Hewlett-Packard is asked to prove it was duped over Autonomy deal [San Jose Mercury News]
(San Jose Mercury News (CA) Via Acquire Media NewsEdge) Nov. 27--The war of words over Hewlett-Packard's (HPQ) stunning allegation that it was duped into paying billions of dollars too much for British software company Autonomy intensified Tuesday with an angry demand for proof from Autonomy's former CEO.
In a letter to the Palo Alto tech giant's board of directors, Mike Lynch repeated his previous denial that his firm's value had been misrepresented before HP bought it for $11 billion last year and asked for "immediate and specific explanations for the allegations HP is making."
In response, HP issued a statement noting that "while Dr. Lynch is eager for a debate, we believe the legal process is the correct method in which to bring out the facts and take action on behalf of our shareholders."
HP hasn't named anyone responsible for the alleged misrepresentations. But its statement said the company "will take legal action against the parties involved at the appropriate time," adding, "in that setting, we look forward to hearing Dr. Lynch and other former Autonomy employees answer questions under penalty of perjury."
HP's accusations about Autonomy last week represented the latest in a string of embarrassing revelations from the storied Silicon Valley corporation, which in recent years has been wracked by turmoil in its top executive ranks, slumping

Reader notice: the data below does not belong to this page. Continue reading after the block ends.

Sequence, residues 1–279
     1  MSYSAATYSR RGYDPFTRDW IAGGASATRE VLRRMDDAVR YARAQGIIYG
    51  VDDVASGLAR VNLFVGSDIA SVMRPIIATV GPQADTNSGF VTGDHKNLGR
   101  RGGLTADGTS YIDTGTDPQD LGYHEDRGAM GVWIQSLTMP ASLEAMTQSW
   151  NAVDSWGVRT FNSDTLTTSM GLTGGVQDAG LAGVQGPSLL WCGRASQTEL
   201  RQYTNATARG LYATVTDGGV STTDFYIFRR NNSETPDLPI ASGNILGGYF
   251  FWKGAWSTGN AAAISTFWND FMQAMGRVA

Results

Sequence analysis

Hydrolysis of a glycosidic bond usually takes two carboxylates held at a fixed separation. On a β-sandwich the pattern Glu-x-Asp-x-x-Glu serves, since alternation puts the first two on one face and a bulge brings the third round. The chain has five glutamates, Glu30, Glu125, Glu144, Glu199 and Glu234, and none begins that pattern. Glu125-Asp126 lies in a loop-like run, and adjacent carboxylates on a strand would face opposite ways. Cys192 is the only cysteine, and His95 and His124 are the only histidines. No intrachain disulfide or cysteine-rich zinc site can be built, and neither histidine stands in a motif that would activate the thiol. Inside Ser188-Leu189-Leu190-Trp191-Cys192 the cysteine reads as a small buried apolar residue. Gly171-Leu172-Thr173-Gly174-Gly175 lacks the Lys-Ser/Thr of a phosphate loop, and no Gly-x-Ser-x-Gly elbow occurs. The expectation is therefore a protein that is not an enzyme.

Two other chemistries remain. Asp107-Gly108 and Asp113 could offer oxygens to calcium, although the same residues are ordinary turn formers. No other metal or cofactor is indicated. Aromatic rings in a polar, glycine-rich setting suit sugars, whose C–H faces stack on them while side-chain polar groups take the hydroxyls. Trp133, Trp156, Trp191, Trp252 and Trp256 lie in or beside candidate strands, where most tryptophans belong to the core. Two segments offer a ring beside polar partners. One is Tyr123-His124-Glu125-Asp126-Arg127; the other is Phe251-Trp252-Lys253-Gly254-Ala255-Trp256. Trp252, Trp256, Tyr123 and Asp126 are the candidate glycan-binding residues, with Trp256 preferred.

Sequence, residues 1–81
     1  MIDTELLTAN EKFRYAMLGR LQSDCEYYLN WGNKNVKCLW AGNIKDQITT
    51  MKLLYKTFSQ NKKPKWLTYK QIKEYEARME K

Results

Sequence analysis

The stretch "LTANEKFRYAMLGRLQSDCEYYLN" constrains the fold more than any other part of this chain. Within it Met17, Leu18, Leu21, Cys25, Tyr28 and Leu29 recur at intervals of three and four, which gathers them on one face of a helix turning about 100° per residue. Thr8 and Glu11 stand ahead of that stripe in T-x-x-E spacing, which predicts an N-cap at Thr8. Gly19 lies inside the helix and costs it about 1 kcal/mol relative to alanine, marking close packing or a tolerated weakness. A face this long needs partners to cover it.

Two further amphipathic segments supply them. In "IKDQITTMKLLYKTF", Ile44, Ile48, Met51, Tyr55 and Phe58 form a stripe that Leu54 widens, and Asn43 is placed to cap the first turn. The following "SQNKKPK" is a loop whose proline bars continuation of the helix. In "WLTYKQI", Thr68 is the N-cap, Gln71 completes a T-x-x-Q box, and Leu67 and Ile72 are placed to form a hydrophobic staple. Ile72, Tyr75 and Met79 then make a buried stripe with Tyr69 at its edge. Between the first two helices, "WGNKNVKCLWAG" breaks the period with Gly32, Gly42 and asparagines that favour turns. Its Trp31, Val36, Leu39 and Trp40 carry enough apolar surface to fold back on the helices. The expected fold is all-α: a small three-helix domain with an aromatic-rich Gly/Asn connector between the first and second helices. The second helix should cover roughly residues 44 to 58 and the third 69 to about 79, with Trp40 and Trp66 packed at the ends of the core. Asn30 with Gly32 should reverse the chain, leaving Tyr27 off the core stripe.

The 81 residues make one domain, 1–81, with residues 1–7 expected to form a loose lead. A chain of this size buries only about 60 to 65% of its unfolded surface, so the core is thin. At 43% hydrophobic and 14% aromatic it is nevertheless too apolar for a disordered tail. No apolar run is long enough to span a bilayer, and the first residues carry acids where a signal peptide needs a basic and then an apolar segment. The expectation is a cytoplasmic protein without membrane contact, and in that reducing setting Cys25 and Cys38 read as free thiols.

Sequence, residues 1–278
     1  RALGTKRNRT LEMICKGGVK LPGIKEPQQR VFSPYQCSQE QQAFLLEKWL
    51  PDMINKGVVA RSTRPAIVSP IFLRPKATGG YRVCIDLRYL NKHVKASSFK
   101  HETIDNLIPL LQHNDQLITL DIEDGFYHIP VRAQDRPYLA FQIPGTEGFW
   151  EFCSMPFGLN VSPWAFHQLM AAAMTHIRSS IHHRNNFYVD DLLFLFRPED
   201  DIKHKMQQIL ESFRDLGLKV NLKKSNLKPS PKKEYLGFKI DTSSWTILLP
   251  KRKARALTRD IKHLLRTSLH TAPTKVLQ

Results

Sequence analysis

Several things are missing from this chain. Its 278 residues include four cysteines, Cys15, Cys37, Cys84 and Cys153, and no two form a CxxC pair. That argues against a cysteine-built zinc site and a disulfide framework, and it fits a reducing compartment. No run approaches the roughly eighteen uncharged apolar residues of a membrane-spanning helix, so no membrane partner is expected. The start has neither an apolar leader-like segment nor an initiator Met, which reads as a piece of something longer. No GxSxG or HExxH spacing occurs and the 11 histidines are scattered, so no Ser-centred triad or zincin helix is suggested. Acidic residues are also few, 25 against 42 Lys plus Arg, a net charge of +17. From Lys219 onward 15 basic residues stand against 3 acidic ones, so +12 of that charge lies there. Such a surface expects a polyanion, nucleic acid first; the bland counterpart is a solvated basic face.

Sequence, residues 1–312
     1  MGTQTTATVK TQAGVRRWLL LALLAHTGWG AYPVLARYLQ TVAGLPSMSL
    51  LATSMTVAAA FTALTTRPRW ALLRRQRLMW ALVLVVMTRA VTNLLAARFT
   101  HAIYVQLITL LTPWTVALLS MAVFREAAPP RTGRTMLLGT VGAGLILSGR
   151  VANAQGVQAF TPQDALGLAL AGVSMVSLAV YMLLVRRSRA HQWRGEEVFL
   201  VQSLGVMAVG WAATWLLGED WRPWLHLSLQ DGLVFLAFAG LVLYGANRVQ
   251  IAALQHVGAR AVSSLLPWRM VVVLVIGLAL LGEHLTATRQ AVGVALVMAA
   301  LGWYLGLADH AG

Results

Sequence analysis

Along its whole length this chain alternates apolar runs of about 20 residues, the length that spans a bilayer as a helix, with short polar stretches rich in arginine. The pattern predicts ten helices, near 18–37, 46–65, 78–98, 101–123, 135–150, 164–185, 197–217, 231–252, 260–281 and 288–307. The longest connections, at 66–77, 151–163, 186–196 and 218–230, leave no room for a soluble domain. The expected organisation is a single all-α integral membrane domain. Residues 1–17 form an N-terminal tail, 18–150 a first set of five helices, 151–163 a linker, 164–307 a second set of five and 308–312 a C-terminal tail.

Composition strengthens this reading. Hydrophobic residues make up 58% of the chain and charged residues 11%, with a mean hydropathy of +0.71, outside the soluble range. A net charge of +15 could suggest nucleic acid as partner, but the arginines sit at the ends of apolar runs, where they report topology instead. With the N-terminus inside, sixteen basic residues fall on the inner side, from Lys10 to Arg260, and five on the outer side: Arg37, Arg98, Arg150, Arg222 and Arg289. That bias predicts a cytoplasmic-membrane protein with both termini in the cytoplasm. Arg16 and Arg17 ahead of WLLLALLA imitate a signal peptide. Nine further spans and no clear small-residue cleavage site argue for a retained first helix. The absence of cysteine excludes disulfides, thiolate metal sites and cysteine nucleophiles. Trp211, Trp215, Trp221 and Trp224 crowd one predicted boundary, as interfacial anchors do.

sales and occasional deep plunges into red ink.
After the Autonomy disclosure on Nov. 20, HP's shares sank to their lowest point in a decade. Its stock price has rallied a bit since then, but fell again by 38 cents -- or nearly 3 percent -- to $12.36 at the close of trading Tuesday.
The information Lynch sought includes:
--"The calculations used" for HP's claim that, as part of its recent $8.8 billion write-down for buying Autonomy, "more than $5 billion is linked to serious accounting improprieties, misrepresentation and disclosure failures." Lynch's letter said many observers "fail to understand how HP reaches that number."
--Justification for HP's accusation that some of Autonomy's hardware sales before HP's purchase had been mischaracterized, since Lynch said those sales shouldn't have significantly affected Autonomy's value.
--Details on how HP failed to spot problems with Autonomy when it bought the company. "Please explain," Lynch wrote, "how such issues could possibly have gone undetected during the extensive acquisition due diligence process" before HP finalized the deal in October 2011 and after that, when Autonomy's finances were overseen by HP Chief Financial Officer Cathie Lesjak.
--Why HP's senior management waited so long "to inform its shareholders of the possibility of a material event related to Autonomy."
Saying he has been "shocked and appalled by the events of the past week," Lynch added in his letter that "I utterly reject all allegations of impropriety."
In its response, HP noted that it has referred its claims to U.S. and British regulatory authorities and "we will defer to them as to how they wish to engage with Dr. Lynch." The company also reiterated its previous claim that "we have uncovered extensive evidence of a willful effort on behalf of certain former Autonomy employees to inflate the underlying financial metrics of the company in order to mislead investors and potential buyers."
Contact Steve Johnson at 408-920-5043. Follow him at Twitter.com/steveatmercnews.
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